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Acid Reflux Meds & Migraines

Results of a cross-sectional analysis were recently published in Neurology, Clinical Practice, which suggest an association between the use of acid-suppressing medications and migraine headaches. Self-reported data from the 1999-2004 National Health and Nutrition Examination Survey (NHANES), which included nearly 12,000 adults, found that any type of acid-suppression therapy was associated with a higher risk for migraine and severe headaches. Specifically, proton pump inhibitors (PPIs) were associated with a 70% higher risk, while histamine type 2 receptor antagonists (H2RAs) and generic antacids were associated with a 40% and 30% higher risk, respectively. A 24-hour diet recall was used to estimate magnesium intake, which was associated with H2RA use.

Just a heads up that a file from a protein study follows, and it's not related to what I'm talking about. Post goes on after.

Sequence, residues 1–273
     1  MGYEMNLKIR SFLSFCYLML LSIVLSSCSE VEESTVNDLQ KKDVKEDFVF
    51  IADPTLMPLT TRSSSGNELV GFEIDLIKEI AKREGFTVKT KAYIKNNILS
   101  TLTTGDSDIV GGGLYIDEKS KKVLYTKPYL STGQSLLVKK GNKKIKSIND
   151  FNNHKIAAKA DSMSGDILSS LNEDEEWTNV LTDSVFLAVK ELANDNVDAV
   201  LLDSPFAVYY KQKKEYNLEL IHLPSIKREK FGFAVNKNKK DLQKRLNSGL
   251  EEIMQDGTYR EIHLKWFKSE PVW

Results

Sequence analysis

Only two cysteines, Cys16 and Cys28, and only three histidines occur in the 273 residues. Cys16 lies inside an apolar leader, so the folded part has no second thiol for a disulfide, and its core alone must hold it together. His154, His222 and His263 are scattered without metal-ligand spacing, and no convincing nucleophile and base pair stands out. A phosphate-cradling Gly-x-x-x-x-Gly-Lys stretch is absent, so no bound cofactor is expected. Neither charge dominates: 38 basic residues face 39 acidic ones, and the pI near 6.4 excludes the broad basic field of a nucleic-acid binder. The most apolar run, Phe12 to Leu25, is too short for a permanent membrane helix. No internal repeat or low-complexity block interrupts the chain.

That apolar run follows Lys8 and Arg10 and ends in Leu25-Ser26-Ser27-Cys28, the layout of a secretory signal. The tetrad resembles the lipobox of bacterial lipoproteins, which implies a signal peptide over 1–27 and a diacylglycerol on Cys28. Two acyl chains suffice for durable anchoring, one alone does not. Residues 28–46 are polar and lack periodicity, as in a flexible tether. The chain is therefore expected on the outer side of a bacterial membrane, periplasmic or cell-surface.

Given the cross-sectional nature of this study, causality cannot be determined. However, there are some plausible mechanisms for this association, and it is not the first to suggest a link between acid suppression and headaches, particularly with longer-term use. For example, in a large prospective general population cohort, PPI and H2RAs have previously been associated with a doubling in the risk for hypomagnesemia, a fairly late-stage marker for depleted magnesium levels. Additionally, the risk was tripled among longer-term PPI users, and over 7-fold higher among people also taking a loop diuretic (which may compromise magnesium reabsorption). A previous analysis of the 1994-2004 NHANES cohort found that most people in the U.S. are not meeting even basic recommended intakes for magnesium, and that doing so through a combination of diet and supplements was associated with approximately a 20% lower risk of migraine. Acupuncture has also been shown to be very effective with acid reflux without any negative side effects. Make an appointment with Dr. Anne today.


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